From:www.alljujitsu.com - The Problem with Brazilian Jiu Jitsu Techniques, by Commander Nitro.

Can't you just feel the love people, feel the love.

About the Author


Author & Artist

Meerkatsu is the artist name for BJJ black belt Seymour Yang.


Georgette said...

I'm always intrigued at the prevalence of "a real street fight" as the metric by which martial arts are to be measured.

Anh said...

BJJ is a great martial art, but like all other martial art, it got its own flawed. I dont think there's one best martial art, one often compliment another one way or the other.

Meerkatsu said...

My favourite statistic is 90 percent of fights end up on the ground. Like, who is counting?
Almost as the MYTH of the karate fighter who went to punch someone but pulled his punch short of the target. MYTH guys, all myth.

Anonymous said...

What Anh said.

Sooner or later BJJ will become less fashionable and at that point people will be more inclined to see it as what it is - on excellent martial art amongst many.

Oh and your Jikishin licence has expired.

David T.

alienmode said...

Man this is funny... this whole time I was under the impression that Rorion and Royce Gracie, running around looking like athletically fit tennis players, making an embarassment out of everybody else like, 20-30 years ago -- I thought that pretty much put an end to the discussion. Somebody better call up every single MMA fighter ever and tell them that their combo of Muay Thai-ish striking and BJJ grappling, with elements of boxing and submission wrestling sprinkled in, is ineffective and cannot compare to Aikido or Eskrima or whatever the hell we all practice now. Alright enough talk from me I gotta go sharpen my throwing stars for Ninjitsu class... we're doing eye-poking and groin-ripping today.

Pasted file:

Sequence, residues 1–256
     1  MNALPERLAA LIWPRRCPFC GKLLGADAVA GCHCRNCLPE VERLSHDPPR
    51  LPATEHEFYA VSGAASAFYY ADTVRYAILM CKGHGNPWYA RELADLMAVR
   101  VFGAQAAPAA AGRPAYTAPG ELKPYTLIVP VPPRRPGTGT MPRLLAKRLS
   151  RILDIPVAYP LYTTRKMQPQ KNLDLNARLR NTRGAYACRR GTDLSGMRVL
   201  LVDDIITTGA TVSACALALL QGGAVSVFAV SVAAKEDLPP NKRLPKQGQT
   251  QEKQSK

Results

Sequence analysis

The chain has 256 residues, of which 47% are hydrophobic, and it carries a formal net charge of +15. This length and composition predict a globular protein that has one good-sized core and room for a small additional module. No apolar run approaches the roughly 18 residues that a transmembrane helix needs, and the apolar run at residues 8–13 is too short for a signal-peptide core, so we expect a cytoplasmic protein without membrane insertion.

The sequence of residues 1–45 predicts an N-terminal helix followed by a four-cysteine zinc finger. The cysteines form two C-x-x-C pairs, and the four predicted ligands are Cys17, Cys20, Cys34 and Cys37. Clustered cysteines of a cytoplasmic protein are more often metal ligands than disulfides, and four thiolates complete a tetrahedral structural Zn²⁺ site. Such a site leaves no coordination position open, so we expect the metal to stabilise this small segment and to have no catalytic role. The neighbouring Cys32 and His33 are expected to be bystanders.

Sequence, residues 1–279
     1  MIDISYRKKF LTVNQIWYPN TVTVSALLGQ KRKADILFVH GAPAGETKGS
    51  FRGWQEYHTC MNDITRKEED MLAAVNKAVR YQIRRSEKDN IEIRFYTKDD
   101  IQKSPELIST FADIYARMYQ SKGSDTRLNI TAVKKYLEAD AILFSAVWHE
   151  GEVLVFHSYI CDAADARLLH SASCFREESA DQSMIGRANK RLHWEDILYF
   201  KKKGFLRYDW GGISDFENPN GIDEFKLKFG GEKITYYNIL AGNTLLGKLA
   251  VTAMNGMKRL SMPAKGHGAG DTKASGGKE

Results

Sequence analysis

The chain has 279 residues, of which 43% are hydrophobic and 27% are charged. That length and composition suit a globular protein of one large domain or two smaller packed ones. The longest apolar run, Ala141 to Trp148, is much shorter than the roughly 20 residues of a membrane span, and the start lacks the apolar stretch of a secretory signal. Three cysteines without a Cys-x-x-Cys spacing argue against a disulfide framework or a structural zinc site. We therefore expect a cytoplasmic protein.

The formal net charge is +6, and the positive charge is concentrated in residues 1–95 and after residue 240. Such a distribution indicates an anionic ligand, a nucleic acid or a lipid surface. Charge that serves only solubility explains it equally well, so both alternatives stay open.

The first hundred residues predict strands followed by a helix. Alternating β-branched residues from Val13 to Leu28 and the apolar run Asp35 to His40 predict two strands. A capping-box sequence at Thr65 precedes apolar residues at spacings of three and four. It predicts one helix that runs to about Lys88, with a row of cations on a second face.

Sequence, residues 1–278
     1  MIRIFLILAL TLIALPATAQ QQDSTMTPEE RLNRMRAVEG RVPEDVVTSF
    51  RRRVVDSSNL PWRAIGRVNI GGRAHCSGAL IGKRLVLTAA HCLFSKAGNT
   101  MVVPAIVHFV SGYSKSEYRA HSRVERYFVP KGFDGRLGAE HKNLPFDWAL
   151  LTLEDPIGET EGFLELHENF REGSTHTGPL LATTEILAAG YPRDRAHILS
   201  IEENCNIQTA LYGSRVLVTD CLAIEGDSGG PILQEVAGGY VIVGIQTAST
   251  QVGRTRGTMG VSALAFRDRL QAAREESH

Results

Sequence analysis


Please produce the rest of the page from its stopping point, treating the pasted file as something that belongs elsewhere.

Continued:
alienmode said...

Meerkat spend half an hour watching fight videos on YouTube... 90 percent of them end up on the ground.. Not 91, not 89, 90!

Keyvan Arabsolghar said...
This comment has been removed by the author.
Meerkatsu said...

Thanks guys, I have recalibrated my sums and the official figure is 91.5% of fights end up on the ground. So there!